Proper Insulation Reduces Strain on Air Conditioning System
Temperatures are beginning to climb, leaving some homeowners searching for ways to keep their houses cool and energy costs down. For many people the solution is simple—improved attic insulation.
During the summer, infiltration of outdoor heat into the home can cause the air conditioner to work harder, resulting in higher electricity bills. To ensure your home is ready to beat the heat, you should increase your insulation during the spring.
Why is attic insulation important?
Your home’s insulation provides a number of benefits including moisture and humidity control, ensuring proper ventilation, and, most importantly for your air conditioning system—heat flow resistance. The more heat flow resistance your insulation provides, the less work your air conditioning system will have to do, and the lower your heating and cooling expenses will be.
According to the U.S. Department of Energy, heating and cooling account for 50-70 percent of the energy used in the average American home, but with improved attic insulation, homeowners can save up to 20 percent on utility costs.
For optimal energy efficiency, your home should be insulated from the roof down, including your walls, ceilings, floors, attics and even your ducts. However, your attic is one of the easiest places to add insulation in an existing home.
How do I know if my home is properly insulated?
There are a number of indicators that your home may need additional attic insulation, but here are a few common signs to watch out for:
- You live in an older home — Because energy codes have gotten progressively stricter throughout the years, older homes tend to be poorly insulated. If your home is more than 20 years old, you should have it inspected—even if you haven’t noticed any of these signs of poor insulation.
- Temperatures fluctuate from room to room — If you find that some rooms in your home are inexplicably colder or hotter than others, and those rooms are well ventilated, then the problem is likely poor insulation.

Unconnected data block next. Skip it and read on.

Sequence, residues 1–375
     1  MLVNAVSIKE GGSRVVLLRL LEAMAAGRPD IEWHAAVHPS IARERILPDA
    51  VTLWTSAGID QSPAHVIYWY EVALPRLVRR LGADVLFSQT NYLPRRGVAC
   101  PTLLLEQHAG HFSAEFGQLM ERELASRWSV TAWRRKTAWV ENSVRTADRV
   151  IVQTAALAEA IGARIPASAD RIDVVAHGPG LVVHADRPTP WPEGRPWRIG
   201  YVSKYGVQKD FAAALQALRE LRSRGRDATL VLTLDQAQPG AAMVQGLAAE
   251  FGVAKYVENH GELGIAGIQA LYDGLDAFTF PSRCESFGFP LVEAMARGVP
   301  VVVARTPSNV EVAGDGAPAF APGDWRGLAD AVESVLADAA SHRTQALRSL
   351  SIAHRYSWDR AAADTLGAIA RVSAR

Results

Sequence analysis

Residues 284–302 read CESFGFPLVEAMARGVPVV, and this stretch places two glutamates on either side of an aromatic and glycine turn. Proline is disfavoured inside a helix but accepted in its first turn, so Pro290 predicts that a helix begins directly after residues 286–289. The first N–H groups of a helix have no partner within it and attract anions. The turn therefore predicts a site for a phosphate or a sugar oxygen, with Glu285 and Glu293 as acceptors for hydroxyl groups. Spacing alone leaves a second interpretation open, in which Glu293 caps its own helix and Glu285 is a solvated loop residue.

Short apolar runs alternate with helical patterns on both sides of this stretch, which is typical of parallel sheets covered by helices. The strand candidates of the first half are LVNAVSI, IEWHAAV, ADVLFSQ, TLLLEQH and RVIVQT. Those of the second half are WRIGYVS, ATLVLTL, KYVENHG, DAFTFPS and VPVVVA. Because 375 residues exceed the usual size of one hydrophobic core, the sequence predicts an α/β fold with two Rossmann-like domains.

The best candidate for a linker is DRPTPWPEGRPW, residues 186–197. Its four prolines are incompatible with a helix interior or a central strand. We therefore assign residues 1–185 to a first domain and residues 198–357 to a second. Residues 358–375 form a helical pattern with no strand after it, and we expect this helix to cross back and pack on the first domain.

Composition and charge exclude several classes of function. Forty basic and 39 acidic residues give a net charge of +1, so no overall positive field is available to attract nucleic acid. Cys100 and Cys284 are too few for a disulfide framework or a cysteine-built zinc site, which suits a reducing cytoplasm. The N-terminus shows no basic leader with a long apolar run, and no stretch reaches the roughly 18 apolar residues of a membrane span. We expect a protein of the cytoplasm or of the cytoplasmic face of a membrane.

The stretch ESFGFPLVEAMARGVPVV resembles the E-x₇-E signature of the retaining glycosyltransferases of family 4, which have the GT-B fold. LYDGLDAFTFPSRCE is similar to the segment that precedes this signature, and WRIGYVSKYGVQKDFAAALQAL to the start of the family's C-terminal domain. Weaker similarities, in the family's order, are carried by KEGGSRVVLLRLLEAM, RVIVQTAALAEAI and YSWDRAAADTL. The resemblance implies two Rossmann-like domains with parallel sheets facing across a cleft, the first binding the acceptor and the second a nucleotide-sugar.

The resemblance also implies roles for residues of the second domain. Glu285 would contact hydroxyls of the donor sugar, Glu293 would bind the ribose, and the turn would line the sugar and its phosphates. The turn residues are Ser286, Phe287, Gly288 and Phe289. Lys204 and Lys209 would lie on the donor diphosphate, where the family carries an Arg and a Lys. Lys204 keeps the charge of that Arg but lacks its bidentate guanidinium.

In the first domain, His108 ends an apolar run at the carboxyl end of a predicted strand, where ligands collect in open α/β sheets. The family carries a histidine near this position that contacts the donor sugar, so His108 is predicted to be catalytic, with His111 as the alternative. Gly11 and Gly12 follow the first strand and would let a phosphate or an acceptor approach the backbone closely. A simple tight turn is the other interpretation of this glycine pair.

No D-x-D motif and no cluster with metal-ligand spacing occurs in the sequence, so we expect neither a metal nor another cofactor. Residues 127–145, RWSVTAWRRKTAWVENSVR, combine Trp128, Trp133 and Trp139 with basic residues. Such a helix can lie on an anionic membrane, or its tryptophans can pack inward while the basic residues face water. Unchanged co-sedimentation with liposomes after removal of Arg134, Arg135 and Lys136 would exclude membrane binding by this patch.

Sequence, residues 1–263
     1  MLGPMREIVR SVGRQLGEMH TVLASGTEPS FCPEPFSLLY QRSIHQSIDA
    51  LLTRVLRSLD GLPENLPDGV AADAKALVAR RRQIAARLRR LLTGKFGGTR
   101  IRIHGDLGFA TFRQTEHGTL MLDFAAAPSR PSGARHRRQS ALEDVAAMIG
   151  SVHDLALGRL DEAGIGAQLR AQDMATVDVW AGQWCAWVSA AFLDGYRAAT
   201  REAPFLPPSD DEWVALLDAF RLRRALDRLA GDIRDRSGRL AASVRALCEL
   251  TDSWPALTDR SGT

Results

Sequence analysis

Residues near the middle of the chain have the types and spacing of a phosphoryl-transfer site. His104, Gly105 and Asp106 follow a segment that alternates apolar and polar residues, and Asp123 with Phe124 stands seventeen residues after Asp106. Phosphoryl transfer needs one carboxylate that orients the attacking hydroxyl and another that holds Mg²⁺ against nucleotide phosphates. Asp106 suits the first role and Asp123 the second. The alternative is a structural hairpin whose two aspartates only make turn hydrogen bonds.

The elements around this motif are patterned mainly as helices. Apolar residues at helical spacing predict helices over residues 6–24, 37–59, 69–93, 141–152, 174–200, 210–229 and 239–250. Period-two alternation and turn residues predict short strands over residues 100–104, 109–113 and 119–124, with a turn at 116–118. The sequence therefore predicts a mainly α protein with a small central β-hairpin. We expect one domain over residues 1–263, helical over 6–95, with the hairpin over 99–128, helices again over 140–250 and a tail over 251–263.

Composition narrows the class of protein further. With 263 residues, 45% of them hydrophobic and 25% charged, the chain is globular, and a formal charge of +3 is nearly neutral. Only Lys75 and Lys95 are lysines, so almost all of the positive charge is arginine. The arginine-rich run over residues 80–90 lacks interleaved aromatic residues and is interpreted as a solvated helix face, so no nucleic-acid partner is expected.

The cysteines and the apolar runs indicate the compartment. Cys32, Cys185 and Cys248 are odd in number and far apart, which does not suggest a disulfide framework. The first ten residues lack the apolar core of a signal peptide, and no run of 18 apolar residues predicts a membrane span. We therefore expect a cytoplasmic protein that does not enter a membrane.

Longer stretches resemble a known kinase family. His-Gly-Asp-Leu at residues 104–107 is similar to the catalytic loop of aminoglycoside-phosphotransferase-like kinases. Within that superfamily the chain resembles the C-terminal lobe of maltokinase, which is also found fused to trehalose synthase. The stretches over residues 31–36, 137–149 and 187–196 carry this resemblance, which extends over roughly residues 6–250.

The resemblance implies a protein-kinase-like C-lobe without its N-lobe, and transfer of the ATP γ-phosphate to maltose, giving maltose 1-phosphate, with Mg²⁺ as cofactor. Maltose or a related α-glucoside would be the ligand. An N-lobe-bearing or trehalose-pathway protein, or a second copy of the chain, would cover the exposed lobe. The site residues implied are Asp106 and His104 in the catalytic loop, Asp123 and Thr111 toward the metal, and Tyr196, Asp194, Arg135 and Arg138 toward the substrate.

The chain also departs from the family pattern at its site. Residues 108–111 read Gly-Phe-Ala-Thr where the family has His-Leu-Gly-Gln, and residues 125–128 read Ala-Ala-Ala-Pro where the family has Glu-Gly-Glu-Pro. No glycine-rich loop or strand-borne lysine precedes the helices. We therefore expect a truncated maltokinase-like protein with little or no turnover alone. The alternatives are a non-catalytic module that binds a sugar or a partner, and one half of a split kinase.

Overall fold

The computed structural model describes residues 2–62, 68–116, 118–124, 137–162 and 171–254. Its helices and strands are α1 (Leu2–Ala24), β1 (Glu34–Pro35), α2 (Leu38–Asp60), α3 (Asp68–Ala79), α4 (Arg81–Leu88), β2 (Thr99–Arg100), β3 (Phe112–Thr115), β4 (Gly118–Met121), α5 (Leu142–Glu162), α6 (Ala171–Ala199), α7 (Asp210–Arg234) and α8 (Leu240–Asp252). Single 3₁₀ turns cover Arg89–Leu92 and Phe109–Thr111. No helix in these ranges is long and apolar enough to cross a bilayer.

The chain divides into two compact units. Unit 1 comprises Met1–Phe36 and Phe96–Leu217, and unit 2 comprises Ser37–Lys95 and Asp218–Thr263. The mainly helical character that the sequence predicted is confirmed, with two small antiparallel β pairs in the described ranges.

- Your utility bill has skyrocketed — There can be a variety of outside factors that result in a surge in your energy bill from month to month, but if you see a huge increase in the last few years, your insulation may no longer be at optimal levels.
How much insulation does my home need?
The amount of insulating material you’ll need depends on your climate, type of heating and cooling system and part of the house you are insulating. Insulation is rated in terms of thermal resistance, or R-value, which tells you how resistant to heat flow it is. Higher R-values mean greater insulating power.
For most areas in north Florida and south Georgia, the R-value recommended by the U.S. Department of Energy for attics with no existing insulating material is between R-30 and R-60. If the attic already has three to four inches of insulating material, then it is advantageous to add an additional level between R-25 and R-38. An R-value of R-38 is recommended for most homes, which translates to about 12 inches of insulation.
If you have any questions about maximizing your home comfort system’s energy efficiency with proper insulation, contact Barineau Heating & Air at 850-580-4029 or 229-495-6599.
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